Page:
“Béédaałniih: Diné bizaad bídahwiil’aah. Táadoo biligáana k’ehjí yádaalłti’í. Ahéhee’.”These are the first words that visitors see on a sign at the entrance of Tsé Hootsooí Diné Bi’ Olta’, an elementary immersion school that teaches the Navajo language to its 133 students on the capital of the Navajo Nation (AZ).In English, the sign means, “Remember: We are learning in Diné. Please leave your English outside. Thank you.”Visitors coming to the school also see trophies. Lots of them. Two full trophy displays line the halls near the entrance and even more trophies sit on top of bookshelves in the library, or naaltsoos bá hooghan, as students and teachers call it.These trophies are awards that Diné Bi’ Olta’ students have won since the school opened its doors in 2004. Schools on the Navajo reservation compete in annual cultural competitions that include pow wow dancing, singing, Navajo spelling bees and science fairs. Many are Diné Bi’ Olta’ students who have showcased their knowledge of Navajo language and culture, earning the school a reputation well enough to feature previous students in the Navajo-dubbed version of Pixar’s “Finding Nemo,” or “Nemo Hádéést’į́į́.” READ MORE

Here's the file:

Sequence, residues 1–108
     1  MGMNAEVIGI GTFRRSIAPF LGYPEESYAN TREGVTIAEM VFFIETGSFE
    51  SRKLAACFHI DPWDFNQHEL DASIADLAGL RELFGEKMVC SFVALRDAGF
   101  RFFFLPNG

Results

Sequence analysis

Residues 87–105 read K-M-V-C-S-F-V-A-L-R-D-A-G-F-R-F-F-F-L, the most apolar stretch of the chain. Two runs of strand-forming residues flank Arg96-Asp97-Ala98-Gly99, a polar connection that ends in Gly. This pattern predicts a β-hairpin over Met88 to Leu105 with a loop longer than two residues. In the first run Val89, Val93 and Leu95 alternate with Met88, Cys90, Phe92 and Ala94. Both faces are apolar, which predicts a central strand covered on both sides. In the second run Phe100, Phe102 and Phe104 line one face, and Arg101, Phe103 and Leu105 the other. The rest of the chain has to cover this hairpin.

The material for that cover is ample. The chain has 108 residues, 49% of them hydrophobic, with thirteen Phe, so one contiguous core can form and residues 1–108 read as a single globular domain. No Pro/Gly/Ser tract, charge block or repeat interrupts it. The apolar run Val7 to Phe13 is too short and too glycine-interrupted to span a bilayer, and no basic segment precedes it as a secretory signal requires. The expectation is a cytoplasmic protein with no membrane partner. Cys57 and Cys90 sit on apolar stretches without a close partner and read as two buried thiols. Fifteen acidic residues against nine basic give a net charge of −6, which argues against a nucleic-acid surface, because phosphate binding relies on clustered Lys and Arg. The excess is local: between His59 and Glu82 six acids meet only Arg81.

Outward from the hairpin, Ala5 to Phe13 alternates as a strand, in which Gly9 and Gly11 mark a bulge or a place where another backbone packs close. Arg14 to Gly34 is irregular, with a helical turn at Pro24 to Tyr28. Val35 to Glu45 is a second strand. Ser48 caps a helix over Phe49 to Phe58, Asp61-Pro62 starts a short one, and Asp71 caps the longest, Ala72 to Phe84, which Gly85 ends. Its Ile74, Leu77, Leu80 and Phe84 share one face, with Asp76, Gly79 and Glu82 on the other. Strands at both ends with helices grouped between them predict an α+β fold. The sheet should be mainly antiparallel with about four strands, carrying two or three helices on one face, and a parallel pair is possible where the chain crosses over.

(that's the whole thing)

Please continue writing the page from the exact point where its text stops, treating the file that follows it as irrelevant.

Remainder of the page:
Libraries loaning “stuff” isn’t a new concept. Framed paintings were available for checkout at the Newark (N.J.) Public Library back in 1904. “Libraries were sharing before sharing was cool,” says Miguel Figueroa, director of the American Library Association’s Center for the Future of Libraries. READ MORE